5 Penguins Who Probably Won’t Be Back Next Season

The Pittsburgh Penguins are enjoying some success this season, even though they’ve dealt with a wide range of injuries, COVID-19 battles, and some players who are struggling to find their form. The team is expected to be buyers at the trade deadline, as the Stanley Cup is front of mind for the Penguins in 2021-22. Next season, however, could be a different story, as there’s expected to be several changes to the roster over the summer. Let’s take a look at five Penguins are who likely enjoying their final season in Pittsburgh.

Brian Boyle

Boyle is the easiest target of them all, as the veteran forward is getting up there in age, he’s a fringe player, and he currently doesn’t have a contract for next season. The towering center has only appeared in 18 games, recording two goals. Boyle’s averaging just over 10 minutes of ice time per game, and could potentially be upgraded even in-season, so the odds of him being back next year are awfully slim.

Boyle is the type of player who is willing to do whatever it takes for his team to win. He’s a great teammate, and someone who is very popular in the Penguins’ dressing room, and across the NHL. Soon-to-be 37 years old, there’s no doubt retirement is creeping into the conversation, but at this point it doesn’t appear to be any decisions made on his future past the season. Regardless, don’t expect to see him back in Pittsburgh next season.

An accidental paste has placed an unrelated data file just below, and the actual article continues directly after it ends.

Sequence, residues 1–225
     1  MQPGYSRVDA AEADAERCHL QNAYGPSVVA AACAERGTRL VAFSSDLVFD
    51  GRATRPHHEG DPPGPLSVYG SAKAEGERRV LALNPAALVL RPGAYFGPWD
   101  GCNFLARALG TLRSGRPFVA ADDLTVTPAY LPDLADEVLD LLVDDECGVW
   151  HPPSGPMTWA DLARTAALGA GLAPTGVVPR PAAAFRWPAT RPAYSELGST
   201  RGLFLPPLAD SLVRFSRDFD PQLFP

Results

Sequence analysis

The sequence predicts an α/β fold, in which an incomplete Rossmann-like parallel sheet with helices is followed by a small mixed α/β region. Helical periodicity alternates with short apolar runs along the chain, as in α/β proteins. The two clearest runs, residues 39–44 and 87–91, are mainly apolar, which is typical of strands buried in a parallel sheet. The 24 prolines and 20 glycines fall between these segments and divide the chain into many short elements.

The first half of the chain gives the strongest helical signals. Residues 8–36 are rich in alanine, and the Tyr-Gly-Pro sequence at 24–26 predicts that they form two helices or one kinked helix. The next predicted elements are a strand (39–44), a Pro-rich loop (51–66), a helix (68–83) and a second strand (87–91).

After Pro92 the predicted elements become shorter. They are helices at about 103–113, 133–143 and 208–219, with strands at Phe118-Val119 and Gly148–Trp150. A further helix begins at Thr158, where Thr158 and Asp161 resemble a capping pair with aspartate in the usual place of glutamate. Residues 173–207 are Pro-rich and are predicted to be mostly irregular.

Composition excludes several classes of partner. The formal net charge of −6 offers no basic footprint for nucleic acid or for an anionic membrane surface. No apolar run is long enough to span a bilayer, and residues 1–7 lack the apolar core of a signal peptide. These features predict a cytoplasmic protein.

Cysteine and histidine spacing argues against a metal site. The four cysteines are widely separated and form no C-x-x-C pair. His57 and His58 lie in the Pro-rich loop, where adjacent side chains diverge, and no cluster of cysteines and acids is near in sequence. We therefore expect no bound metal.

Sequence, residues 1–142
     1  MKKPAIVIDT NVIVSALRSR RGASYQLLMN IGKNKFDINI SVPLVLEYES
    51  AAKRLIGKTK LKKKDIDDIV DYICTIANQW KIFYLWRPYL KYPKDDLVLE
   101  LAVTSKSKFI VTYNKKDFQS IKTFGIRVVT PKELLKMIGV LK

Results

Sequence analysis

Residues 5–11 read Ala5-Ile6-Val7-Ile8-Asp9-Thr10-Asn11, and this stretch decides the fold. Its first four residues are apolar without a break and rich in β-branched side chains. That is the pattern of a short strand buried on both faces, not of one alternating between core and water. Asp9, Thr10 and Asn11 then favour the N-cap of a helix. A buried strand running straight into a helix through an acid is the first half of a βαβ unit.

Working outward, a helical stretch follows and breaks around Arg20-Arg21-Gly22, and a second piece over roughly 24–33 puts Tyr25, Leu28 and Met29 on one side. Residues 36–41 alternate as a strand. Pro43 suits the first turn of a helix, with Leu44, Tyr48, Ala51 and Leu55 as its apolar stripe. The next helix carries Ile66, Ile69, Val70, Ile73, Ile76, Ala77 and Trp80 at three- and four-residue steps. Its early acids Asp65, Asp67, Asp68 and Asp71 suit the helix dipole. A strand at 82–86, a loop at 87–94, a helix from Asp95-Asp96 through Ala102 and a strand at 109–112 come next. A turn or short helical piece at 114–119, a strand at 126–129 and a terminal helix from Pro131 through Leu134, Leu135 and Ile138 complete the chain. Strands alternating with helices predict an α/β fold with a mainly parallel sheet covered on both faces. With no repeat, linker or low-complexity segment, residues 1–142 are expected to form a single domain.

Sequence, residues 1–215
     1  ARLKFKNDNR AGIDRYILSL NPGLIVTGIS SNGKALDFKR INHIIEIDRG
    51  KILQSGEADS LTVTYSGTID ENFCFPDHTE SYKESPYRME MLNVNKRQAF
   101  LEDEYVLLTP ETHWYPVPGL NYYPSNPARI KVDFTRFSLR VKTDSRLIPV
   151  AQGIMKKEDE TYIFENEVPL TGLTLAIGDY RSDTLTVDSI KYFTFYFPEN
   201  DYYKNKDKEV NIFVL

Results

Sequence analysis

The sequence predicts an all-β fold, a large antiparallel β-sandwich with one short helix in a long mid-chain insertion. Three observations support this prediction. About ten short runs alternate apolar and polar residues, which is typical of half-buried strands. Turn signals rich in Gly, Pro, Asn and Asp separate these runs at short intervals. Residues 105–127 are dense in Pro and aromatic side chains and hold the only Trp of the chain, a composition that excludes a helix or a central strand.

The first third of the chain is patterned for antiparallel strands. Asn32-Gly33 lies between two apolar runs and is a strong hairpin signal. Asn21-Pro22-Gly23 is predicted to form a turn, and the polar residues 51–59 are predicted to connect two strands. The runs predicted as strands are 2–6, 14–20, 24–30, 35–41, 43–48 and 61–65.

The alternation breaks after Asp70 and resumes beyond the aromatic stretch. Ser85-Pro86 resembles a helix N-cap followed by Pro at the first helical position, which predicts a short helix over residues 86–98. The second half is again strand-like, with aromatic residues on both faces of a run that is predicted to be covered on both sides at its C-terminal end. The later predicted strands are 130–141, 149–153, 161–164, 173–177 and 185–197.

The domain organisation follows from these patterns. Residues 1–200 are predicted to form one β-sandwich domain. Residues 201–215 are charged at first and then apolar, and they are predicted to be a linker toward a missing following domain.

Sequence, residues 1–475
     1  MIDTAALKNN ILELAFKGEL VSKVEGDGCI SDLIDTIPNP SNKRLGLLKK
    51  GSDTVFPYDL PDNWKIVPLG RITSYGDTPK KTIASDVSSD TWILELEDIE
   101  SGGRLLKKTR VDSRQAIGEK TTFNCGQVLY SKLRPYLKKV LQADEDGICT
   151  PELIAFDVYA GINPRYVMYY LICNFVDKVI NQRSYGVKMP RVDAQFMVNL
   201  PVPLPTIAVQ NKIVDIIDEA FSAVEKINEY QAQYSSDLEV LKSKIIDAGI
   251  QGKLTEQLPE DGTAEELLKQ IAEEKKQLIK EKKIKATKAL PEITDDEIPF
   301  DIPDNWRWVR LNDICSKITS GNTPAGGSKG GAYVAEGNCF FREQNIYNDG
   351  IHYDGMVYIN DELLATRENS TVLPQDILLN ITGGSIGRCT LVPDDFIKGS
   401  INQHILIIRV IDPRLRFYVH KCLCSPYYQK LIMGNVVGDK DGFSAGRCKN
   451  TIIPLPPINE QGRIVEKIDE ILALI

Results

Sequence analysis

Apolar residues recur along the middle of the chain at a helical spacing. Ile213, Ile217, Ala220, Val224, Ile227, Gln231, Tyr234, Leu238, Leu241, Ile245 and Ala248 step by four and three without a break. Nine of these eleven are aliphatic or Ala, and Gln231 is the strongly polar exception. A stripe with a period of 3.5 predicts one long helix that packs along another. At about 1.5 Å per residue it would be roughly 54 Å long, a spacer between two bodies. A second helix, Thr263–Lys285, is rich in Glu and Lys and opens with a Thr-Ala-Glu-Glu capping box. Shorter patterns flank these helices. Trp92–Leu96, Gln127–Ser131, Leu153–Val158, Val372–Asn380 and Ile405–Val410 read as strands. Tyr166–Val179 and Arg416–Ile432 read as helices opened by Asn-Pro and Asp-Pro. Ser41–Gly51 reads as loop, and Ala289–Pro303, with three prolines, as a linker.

Jason Zucker

The Penguins’ management duo has some major decisions to make when it comes to the contract extensions of Evgeni Malkin and Kris Letang. Meanwhile, Zucker is slated to make $5.5 million on the cap next season, and there’s been a ton of disappointment in his game since his arrival.

Jason Zucker Pittsburgh Penguins
Jason Zucker has underwhelmed as a Penguin (Amy Irvin / The Hockey Writers)

Make no mistake about it, the Penguins will try to move on from Zucker in time to spread his money around. So far in 27 games, he only has managed to record 10 points, playing mostly on the team’s second line, and has seen plenty of power-play time this season. While some players aren’t expected back next season, there’s a chance he gets moved before the trade deadline.

Zucker holds no-trade protection against 10 teams, but expect management to gauge the market before March of next year to see if there’s any interest. One team to watch here, the Vancouver Canucks, as ex-Penguins general manager Jim Rutherford is now in charge out west and is a huge fan of his game.

Casey DeSmith

The backup netminder is in the final season of his contract, and while he’s certainly been better of late, expect to see the Penguins try and upgrade the position. Tristan Jarry is in the prime of his career and isn’t going anywhere, and there’s some speculation management would prefer someone to either provide veteran experience especially in the Stanley Cup Playoffs or be good enough to push Jarry as a 1-B type of goalie. DeSmith isn’t either of those elements for the Penguins.